AGD 2023 explored key drivers in shaping better economies in a multimodal world; financial technology and sustainable growth; and the transformative impact of digitalization in finance and development, among others.
This year’s AGD was held in-person at Loke Yew Hall, The University of Hong Kong.
0830 - 0900 | Registration and Refreshment
0900 - 0905 | Welcome Remarks
0920 - 0930 | Group Photo
0930 - 1050 | Building Better Economies in a Fractured and Multimodal World
Keynote speech: Permacrisis: A Plan to Fix a Fractured World by Michael Spence, Advisory Board Chairman, Asia Global Institute
The global economy was discussed to be currently undergoing a significant shift, according to Michael Spence. In the past, economic growth had predominantly been demand-driven; however, it was noted that supply-side constraints, such as an aging population and declining productivity, are now becoming the primary limiting factors. Additionally, it was highlighted that political considerations and security concerns have begun to overshadow the supply chains that were once built on economic efficiency and comparative advantage. Despite these challenges, the panelists acknowledged the extraordinary advancements in technology and science over the past few decades, which offer a glimmer of hope. Digital technology, biotechnology, and artificial intelligence were recognized for their potential to generate significant increases in productivity.
Regarding the future of the global economy, Pol Antràs expressed the belief that the US-China relationship holds greater significance, even though conflicts in Ukraine and Gaza were deemed more urgent. He asserted that China is highly committed to a multilateral world trading system, and if both countries recognize this, they can collaborate for the benefit of the global economy. Unfortunately, it was observed that the current trajectory of US-China relations appears to be diverging from this ideal. Concerning the outlook of the Chinese economy, Fred Hu contended that China still possesses ample fiscal space and policy tools to stimulate the economy if necessary. However, the primary focus should be on restoring consumer and investor confidence through regulatory reform, according to Hu. Belinda Wong from Starbucks China added that the private sector is also impacted by geopolitical tensions. Instead of dwelling on the actions of major powers, businesses were advised to concentrate on strengthening their connections with customers and communities. This approach has enabled them to grow even during the height of the pandemic and amid geopolitical turmoil.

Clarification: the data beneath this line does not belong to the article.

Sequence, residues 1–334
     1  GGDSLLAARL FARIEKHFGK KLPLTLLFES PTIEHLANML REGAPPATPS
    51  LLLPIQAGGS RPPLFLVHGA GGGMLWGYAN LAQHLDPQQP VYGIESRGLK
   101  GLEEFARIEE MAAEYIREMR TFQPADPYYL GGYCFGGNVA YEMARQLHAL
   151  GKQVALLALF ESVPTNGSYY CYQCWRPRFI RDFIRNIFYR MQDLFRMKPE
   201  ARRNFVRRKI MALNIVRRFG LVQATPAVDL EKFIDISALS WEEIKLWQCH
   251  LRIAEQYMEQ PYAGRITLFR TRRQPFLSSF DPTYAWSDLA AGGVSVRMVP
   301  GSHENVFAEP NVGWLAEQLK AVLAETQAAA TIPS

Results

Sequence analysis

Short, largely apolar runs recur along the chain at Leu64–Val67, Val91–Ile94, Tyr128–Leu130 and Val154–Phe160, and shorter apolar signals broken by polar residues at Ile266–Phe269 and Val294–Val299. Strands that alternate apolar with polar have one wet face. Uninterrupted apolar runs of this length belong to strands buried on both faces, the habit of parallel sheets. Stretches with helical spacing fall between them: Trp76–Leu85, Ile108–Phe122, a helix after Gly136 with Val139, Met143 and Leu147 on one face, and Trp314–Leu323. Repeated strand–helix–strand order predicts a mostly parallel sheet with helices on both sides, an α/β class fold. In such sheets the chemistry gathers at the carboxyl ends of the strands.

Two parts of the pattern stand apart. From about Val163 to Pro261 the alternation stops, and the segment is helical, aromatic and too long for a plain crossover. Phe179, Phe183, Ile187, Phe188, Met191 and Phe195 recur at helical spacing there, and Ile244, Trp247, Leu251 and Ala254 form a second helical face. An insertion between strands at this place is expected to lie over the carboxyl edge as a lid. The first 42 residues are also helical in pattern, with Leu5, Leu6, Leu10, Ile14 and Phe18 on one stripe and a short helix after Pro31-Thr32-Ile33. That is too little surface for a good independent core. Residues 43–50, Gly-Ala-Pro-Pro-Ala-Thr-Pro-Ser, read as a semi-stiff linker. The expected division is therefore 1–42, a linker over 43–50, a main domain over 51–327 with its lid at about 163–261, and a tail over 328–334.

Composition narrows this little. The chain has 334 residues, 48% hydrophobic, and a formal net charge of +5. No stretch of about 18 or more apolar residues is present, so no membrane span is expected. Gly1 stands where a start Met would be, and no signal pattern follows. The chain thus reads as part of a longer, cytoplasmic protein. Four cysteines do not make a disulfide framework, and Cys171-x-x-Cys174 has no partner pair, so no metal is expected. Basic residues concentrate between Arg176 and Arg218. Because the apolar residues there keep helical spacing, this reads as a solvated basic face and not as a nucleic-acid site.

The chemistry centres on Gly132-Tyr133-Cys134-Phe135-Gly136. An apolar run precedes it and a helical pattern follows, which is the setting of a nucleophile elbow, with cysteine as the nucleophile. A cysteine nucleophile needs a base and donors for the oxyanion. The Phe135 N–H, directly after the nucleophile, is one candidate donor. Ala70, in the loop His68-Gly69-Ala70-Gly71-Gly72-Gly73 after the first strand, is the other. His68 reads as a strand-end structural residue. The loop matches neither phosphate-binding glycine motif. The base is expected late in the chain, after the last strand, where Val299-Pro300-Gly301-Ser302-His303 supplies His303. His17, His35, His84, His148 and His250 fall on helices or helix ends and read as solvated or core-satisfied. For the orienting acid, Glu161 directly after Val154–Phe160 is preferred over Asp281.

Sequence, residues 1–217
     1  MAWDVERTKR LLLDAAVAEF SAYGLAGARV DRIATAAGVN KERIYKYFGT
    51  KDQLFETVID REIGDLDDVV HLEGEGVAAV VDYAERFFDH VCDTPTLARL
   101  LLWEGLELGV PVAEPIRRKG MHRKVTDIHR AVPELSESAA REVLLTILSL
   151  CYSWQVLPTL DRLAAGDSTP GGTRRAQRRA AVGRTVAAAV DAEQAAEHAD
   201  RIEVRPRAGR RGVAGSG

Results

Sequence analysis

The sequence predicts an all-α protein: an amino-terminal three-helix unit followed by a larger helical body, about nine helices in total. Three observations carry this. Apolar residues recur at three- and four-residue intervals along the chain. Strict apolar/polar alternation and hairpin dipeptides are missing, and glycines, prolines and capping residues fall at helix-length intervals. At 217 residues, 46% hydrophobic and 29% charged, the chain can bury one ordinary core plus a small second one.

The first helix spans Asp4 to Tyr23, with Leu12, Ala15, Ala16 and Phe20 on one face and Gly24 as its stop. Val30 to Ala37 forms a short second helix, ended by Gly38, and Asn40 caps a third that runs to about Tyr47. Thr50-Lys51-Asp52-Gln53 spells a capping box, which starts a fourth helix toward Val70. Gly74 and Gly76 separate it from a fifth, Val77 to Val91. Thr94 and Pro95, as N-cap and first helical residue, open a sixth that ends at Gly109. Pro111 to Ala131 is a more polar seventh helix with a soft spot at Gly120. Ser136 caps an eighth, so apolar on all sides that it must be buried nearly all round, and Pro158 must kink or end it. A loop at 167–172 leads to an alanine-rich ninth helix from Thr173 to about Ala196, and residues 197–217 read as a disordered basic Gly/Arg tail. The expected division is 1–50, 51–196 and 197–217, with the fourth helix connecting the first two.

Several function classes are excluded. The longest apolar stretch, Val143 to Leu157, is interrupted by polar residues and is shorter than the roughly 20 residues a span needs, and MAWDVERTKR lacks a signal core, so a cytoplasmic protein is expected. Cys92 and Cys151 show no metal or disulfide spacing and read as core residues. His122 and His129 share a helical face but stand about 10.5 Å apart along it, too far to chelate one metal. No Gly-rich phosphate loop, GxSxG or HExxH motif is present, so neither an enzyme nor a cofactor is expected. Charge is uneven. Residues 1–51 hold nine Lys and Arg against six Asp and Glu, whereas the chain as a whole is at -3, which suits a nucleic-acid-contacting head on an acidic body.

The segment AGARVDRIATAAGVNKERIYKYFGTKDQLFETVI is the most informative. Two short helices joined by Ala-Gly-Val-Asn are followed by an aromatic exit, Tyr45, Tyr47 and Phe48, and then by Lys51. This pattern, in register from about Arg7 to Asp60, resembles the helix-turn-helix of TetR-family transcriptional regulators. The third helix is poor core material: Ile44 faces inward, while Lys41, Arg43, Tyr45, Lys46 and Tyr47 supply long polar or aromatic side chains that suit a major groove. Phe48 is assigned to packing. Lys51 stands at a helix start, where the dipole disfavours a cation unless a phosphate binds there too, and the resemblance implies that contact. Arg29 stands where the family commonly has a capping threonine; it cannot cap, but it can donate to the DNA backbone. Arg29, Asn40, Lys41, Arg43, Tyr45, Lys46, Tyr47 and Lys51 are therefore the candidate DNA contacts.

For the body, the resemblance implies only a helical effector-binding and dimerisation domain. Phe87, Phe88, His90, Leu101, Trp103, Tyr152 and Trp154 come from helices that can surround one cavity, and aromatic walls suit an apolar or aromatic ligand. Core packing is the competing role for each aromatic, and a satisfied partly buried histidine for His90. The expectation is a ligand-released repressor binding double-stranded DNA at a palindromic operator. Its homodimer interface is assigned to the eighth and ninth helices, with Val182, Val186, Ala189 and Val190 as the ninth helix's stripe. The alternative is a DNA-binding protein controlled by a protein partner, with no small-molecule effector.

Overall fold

1050 - 1130 | Coffee Break
1130 - 1230 | Climate, Investment and Sustainable Growth
President, Green Belt and Road Institute; Vice Chair, CCICED; and Former Minister of Environment Norway
The panel discussed the need for addressing climate change, making strategic investments, and promoting sustainable growth to ensure a healthy, equitable, and prosperous future for all. Moderator Andrew Sheng emphasized the challenges and opportunities in climate, investment, and sustainable growth, highlighting the potential for groundbreaking change through international cooperation and significant investments in transitioning to a net-zero future.
Kishora, Vice President of the New Development Bank, emphasized the need for investment in both climate and sustainability for sustainable growth. He argued that blending the two and viewing climate change as an opportunity rather than a problem can drive the economy forward. He cited examples such as renewable energy and infrastructure development.
Leung pointed out the importance of investing in affordable and innovative healthcare aligned with sustainability. He discussed examples from gene therapy and clean tech, emphasizing the potential of new technologies like AI and synthetic biology to address global challenges.
Solheim highlighted the optimistic outlook in the discussion, emphasizing that the current moment in human history is the luckiest, with increased life expectancy and fewer wars. He discussed the leading role of China and India in the green revolution, focusing on the need to change mindsets towards the opportunities of climate change, address permitting issues, and ensure a fair transition to avoid political resistance.